Making the Soup

Some HCPCS codes are provided by organized outside entities developing them for specific audiences. The American Dental Association (ADA) adapts their copyrighted Current Dental Terminology (CDT) codes for the D dental codes. Blue Cross and Blue Shield develop and provide the S services and procedure codes of which mirror CPT® codes.

Since the demise of the state-specific and contradictory HCPCS Level III local codes in 2003, state Medicaid agencies apply for national HCPCS codes representing the services they provide. This assures a national coding standard for services usually found in the H and T sections, which include Medicaid, substance abuse, and counseling codes.

Other codes must travel a longer and more hazardous path to creation or change. At the beginning of the year, the CMS workgroup receives requests for additions and changes from manufacturers, coders, special interest groups and professional associations. The workgroup’s delicate dance is how to properly provide the best coding for Medicare, Medicaid and commercial payers; serve beneficiaries fairly; ease coding and complement the federal, state and commercial payer budgets impacted by the codes.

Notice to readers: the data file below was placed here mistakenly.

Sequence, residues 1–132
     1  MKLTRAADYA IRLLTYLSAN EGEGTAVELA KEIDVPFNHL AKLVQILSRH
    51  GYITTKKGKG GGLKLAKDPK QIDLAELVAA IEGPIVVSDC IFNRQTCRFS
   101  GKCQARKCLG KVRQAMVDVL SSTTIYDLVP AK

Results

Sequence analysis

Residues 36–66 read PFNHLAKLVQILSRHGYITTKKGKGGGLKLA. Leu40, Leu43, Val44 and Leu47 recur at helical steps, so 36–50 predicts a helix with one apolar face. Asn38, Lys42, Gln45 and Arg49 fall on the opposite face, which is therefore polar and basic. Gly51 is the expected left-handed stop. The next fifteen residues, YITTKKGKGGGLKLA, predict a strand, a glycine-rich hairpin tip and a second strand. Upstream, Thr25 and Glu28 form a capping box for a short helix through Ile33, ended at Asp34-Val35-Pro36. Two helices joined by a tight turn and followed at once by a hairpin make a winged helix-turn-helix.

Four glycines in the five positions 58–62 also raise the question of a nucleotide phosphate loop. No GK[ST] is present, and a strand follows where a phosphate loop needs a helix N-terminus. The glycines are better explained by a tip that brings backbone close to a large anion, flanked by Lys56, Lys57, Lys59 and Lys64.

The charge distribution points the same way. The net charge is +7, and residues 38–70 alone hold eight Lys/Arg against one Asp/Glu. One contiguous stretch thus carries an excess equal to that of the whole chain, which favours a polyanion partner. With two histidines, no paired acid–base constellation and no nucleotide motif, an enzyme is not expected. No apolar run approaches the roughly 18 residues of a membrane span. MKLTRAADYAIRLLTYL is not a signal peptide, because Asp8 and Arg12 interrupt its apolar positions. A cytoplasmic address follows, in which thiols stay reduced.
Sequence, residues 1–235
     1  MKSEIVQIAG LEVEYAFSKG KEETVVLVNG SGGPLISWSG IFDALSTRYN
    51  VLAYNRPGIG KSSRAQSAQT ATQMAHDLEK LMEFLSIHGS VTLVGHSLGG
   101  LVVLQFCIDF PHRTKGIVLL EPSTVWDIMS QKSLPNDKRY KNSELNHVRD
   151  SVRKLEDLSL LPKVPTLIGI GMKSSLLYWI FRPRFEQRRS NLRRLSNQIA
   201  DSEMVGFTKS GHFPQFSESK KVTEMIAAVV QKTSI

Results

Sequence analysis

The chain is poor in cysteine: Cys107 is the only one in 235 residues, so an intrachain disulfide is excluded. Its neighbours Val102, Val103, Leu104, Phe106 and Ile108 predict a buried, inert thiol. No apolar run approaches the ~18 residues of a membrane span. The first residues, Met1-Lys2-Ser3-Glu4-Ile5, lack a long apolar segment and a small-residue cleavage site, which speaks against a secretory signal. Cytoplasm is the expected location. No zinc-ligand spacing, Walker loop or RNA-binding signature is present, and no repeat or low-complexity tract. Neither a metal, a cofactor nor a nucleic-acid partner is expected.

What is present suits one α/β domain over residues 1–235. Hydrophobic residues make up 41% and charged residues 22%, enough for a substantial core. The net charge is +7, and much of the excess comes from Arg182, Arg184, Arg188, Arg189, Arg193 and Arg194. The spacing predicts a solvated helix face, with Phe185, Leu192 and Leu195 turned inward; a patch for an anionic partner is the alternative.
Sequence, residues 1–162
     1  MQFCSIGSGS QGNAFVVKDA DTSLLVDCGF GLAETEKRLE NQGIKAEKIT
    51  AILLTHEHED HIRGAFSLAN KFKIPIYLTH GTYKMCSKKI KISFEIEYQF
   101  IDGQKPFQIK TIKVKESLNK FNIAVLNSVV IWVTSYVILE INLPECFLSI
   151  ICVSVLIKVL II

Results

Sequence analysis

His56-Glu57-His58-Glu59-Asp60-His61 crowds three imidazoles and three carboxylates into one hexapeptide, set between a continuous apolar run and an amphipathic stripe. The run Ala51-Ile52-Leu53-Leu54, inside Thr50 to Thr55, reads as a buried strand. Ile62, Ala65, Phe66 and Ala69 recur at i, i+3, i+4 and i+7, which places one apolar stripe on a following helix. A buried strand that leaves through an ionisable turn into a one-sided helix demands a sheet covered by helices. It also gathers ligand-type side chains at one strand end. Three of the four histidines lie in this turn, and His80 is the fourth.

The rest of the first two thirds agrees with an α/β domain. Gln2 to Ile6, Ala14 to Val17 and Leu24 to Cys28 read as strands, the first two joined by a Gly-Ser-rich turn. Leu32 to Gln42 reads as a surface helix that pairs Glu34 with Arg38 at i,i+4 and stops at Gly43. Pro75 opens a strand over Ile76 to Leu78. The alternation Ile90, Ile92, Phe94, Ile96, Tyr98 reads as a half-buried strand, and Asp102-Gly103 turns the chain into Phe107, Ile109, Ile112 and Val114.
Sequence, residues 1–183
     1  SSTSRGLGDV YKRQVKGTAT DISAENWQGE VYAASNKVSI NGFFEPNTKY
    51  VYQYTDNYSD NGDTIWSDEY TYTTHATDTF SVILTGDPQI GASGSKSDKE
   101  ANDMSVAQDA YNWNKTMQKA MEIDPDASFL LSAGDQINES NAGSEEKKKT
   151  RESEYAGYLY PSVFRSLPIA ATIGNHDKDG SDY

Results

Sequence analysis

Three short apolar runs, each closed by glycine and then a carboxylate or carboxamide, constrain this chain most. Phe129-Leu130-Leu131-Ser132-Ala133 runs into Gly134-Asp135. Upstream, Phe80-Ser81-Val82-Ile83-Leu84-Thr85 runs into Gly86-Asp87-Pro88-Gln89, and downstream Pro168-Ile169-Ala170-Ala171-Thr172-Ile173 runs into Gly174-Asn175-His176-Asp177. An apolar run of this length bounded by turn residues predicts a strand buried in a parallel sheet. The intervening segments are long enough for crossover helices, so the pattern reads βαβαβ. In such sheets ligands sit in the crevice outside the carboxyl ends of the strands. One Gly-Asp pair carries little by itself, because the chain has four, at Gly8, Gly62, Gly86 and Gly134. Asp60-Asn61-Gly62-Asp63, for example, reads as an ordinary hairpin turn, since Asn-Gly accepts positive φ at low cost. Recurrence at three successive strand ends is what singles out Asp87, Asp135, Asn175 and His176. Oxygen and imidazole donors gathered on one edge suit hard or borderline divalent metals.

External requests for codes and changes go through two tiers of consideration:

1. Does the item belong in the HCPCS Level II code set?

2. Which HCPCS code should be used?

Considerations for the first tier include a product’s status with the Food and Drug Administration (FDA), the request’s appropriateness for HCPCS as opposed to another code set and a national need for the code or change. Considerations for the second tier include existing codes to modify or augment with an additional code, sections in which to place the code, and upcoming projects. The CMS workgroup makes decisions and prepares for public meetings held in late spring.

CMS also makes preliminary recommendations regarding the applicable Medicare payment category and methodology that would be used to set a payment amount for the items. The preliminary coding and payment recommendations are posted on the HCPCS website as part of the public meeting agendas. The meetings cover drugs and biologicals, orthotics and prosthetics, durable medical equipment, supplies, and other possible codes. Presentations are evaluated by representatives from CMS, the Statistical Analysis Durable Medical Equipment Regional Carrier (SADMERC), and other interested parties.